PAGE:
California Receives $30 Million for Water Reuse, Reclamation Projects

Funding through the U.S. Bureau of Reclamation's Title XVI program will help build drought-resistant water supplies statewide.
California Receives $30 Million for Water Reuse, Reclamation Projects
Water running in the All-American Canal in southeastern California. (Photo courtesy of U.S. Bureau of Reclamation)

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Earlier this month, Deputy Secretary of the Interior Michael L. Connor announced more than $30 million in funding through the Bureau of Reclamation’s Title XVI WaterSMART program for seven projects that will provide clean water to California communities and promote water and energy efficiency.

“With California in its fifth year of drought, these investments will build resilience for local communities struggling with limited water supplies — an effort that is more important than ever as the dangers of drought escalate in the face of climate change,” Connor says. “Using the best available science and technology to improve the growing disparity between water supplies and demand, this funding will help local water managers stretch dwindling resources.”

The Bureau of Reclamation identifies and investigates opportunities to reclaim and reuse wastewaters and naturally impaired ground and surface water in western states and Hawaii. Title XVI funding is in place for the planning, design, and construction of water recycling and reuse projects, on a project-specific basis.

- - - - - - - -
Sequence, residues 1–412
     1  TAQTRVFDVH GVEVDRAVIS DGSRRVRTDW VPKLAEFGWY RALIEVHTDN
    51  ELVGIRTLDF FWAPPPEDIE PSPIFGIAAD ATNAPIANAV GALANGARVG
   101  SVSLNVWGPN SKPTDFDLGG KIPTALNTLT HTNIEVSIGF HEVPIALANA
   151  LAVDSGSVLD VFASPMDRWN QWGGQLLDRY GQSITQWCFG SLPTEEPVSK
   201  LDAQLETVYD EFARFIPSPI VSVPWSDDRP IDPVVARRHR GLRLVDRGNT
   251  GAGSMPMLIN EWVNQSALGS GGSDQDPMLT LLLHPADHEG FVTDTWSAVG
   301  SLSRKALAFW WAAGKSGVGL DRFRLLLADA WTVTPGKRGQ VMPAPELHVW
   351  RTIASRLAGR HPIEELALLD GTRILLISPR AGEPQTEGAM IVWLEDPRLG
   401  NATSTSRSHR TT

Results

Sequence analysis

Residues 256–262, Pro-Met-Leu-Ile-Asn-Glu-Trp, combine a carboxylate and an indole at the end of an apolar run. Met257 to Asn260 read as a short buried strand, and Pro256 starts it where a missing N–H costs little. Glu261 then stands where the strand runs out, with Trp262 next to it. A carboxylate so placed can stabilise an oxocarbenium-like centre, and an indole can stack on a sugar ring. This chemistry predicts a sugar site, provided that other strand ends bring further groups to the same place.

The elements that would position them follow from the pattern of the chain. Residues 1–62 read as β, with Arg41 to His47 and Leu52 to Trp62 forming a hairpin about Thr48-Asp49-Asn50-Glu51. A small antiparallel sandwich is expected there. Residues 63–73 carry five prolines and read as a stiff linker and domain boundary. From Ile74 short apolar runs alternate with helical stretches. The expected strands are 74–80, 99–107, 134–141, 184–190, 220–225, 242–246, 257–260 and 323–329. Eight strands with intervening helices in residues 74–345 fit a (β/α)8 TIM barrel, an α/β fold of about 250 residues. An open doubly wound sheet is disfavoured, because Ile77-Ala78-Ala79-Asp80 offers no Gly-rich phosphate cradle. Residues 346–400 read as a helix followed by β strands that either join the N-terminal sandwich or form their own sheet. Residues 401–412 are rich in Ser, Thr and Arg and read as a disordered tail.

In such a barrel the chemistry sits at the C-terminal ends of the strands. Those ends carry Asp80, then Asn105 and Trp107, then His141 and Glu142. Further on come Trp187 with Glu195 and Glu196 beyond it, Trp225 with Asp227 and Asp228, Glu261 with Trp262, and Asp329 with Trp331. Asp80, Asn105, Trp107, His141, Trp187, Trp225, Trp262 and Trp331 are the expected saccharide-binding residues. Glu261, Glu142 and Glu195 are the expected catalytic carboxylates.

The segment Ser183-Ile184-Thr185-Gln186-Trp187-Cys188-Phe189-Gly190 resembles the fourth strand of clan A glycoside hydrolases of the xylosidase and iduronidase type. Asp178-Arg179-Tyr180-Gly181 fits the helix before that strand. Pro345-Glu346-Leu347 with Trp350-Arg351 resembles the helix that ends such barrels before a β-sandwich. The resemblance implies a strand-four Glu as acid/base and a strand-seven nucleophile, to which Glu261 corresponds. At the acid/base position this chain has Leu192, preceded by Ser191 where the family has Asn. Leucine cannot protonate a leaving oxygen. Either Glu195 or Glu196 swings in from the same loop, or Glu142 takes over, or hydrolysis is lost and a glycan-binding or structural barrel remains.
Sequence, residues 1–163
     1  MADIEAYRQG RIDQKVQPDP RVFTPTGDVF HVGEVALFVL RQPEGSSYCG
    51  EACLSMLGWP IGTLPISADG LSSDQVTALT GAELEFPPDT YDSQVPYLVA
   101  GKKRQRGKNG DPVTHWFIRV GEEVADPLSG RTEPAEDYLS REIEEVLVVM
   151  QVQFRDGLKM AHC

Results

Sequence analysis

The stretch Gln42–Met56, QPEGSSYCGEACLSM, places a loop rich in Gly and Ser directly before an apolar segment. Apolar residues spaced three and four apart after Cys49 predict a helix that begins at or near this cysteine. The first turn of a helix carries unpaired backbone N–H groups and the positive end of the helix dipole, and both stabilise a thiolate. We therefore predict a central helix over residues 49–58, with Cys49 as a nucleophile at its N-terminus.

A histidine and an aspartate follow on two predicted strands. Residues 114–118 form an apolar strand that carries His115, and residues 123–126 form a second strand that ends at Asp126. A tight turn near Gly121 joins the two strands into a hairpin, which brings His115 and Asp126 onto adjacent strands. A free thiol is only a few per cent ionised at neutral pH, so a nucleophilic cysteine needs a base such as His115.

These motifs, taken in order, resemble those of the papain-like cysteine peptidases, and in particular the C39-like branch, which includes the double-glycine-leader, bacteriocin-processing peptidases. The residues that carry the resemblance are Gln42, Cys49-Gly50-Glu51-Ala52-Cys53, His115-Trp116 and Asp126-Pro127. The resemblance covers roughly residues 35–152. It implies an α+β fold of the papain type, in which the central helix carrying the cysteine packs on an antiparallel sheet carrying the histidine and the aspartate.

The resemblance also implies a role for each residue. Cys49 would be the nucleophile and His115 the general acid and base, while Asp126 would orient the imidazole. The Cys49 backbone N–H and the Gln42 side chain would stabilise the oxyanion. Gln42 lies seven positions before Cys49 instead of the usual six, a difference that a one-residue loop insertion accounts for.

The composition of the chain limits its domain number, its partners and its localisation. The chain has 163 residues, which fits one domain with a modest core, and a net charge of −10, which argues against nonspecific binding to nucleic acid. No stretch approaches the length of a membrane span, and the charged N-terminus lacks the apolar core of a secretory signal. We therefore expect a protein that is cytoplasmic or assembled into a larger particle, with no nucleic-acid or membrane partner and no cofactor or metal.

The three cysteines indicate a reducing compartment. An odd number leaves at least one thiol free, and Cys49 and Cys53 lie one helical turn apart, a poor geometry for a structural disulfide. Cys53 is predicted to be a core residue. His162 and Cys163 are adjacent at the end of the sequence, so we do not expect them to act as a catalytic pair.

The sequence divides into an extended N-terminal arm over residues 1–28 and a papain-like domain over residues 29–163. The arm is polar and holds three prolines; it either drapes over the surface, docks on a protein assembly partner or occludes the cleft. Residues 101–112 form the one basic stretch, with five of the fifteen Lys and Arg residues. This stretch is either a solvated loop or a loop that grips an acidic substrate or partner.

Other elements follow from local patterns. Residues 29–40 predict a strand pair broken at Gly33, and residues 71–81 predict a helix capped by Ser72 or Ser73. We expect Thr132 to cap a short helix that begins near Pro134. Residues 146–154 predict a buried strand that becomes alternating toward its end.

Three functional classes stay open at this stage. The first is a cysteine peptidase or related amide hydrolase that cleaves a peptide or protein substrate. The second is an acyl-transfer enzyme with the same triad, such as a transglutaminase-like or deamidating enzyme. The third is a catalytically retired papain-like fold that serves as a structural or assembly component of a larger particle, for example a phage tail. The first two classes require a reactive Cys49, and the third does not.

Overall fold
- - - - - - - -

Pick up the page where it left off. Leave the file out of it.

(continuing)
Below is a description of the seven projects that were selected.

City of Corona Department of Water and Power
$4 million

The City of Corona, California, is converting potable water irrigation to reclaimed water at parks, schools, common areas, landscaped medians, a municipal golf course, and an industrial park as part of Phase 1 of the Corona Comprehensive Reclaimed Water Conversion Project. Upon completion, the project will make 15,376 acre-feet of reclaimed water available annually. Funding will be used for project planning and design, environmental compliance, and installation of 24,100 linear feet of reclaimed water delivery pipelines. The project will enable the city to reduce imported water purchases and create a sustainable local water supply.

City of San Diego
$5 million

The Pure Water Program is a phased, multiyear program that will ultimately make available 93,000 acre-feet of water per year, or approximately 30 percent of the City of San Diego's water supply, by 2035. The first two phases of the Pure Water San Diego Program are expected to produce more than 33,600 acre-feet of water suitable for potable reuse. Funding will aid in the development of environmental documentation and construction document preparation for the project. Through the Pure Water Program, the city expects to make a new sustainable source of potable water available for San Diego by increasing the amount of reclaimed water, and thereby reducing the amount of wastewater that is released into the ocean.